This paper examines the Dutch disease in a global sample of 36 oil-rich developed and developing countries for the period 1970 to 2016. It also examines the theory comprehensively by considering the two Dutch disease intermediate effects: spending and resource movement. Using panel data fixed effect with Driscoll-Kraay standard errors estimation approach, our results show that an oil boom causes appreciation in the real exchange rate and a fall in sectoral output, which is consistent with the theory. However, there is significant difference in the effects of oil boom on the real exchange rate and sectoral output among sub-regional groupings, possibly because of differences in the extent of institutional quality and economic policy. The implications of these results are that policy makers of countries affected by Dutch disease should improve institutional quality, minimise real exchange rate appreciation and promote domestic investment in the manufacturing and agriculture sectors. These are necessarily conditions to escape the Dutch disease problem, which hinders economic growth and development.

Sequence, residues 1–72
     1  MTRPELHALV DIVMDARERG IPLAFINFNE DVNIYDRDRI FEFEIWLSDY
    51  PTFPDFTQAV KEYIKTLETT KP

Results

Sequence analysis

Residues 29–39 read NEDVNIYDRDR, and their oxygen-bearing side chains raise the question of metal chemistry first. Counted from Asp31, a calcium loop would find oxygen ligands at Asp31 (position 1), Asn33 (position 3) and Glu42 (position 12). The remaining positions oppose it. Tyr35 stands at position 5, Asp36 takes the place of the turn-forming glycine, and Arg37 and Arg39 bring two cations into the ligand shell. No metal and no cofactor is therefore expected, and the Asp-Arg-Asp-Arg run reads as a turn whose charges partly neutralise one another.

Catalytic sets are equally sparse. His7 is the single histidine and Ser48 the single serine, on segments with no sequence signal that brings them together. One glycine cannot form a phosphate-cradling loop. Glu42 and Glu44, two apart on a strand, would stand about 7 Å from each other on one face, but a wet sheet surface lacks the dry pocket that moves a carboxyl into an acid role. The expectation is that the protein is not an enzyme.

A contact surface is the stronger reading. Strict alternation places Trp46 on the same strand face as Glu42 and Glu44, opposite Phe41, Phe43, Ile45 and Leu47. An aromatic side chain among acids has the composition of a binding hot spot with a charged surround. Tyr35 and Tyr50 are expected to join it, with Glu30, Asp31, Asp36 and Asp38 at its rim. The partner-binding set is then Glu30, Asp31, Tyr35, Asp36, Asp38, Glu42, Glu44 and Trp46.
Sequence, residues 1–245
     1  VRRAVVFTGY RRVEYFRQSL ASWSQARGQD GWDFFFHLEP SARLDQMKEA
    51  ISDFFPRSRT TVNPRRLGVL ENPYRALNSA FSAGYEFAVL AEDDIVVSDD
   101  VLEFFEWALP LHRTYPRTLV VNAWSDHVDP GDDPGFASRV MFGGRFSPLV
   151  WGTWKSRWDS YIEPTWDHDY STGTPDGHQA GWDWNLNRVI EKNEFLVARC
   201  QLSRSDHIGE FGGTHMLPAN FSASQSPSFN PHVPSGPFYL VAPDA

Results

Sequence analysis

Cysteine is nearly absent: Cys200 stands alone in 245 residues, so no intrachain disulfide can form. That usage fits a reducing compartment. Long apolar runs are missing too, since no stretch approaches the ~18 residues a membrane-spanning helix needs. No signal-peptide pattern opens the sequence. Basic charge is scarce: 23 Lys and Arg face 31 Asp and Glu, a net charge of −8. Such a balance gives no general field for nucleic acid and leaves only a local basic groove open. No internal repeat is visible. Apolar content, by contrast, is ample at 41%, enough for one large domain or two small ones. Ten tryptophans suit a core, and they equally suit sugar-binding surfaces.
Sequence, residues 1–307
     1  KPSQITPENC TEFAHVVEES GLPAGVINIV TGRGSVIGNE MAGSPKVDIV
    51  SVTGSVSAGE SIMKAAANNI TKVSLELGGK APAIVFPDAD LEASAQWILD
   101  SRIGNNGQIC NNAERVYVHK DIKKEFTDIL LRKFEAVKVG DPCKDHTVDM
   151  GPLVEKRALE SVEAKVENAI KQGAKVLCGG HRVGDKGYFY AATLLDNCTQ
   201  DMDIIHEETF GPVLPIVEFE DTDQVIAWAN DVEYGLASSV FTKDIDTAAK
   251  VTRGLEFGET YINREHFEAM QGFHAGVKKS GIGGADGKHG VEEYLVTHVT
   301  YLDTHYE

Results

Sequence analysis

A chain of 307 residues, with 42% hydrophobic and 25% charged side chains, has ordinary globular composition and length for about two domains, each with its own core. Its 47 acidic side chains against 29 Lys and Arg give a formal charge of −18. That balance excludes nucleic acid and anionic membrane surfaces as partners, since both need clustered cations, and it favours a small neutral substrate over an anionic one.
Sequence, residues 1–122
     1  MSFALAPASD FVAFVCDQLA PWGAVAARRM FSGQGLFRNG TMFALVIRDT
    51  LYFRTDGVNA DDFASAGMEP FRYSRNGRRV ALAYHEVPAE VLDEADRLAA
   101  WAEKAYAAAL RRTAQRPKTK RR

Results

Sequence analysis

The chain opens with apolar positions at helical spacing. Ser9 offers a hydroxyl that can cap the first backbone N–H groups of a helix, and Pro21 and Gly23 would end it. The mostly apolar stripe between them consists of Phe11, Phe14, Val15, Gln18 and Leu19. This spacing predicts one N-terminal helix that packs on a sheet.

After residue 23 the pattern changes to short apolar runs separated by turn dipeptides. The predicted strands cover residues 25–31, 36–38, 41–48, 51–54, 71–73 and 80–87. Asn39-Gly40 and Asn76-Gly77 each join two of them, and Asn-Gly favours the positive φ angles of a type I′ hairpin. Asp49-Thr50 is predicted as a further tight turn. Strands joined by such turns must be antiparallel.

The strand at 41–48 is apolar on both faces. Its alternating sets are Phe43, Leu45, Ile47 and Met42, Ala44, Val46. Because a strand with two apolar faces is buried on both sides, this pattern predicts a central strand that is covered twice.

Bibliographical note© 2021 The Authors. Published by Elsevier Ltd. This is an open access article under the CC BY license (http://creativecommons.org/licenses/by/4.0/).
- Cross-sectional dependence
- Dutch disease
- Fixed effect with driscoll and kraay standard errors
- Oil boom
ASJC Scopus subject areas
- Sociology and Political Science
- Economics and Econometrics
- Management, Monitoring, Policy and Law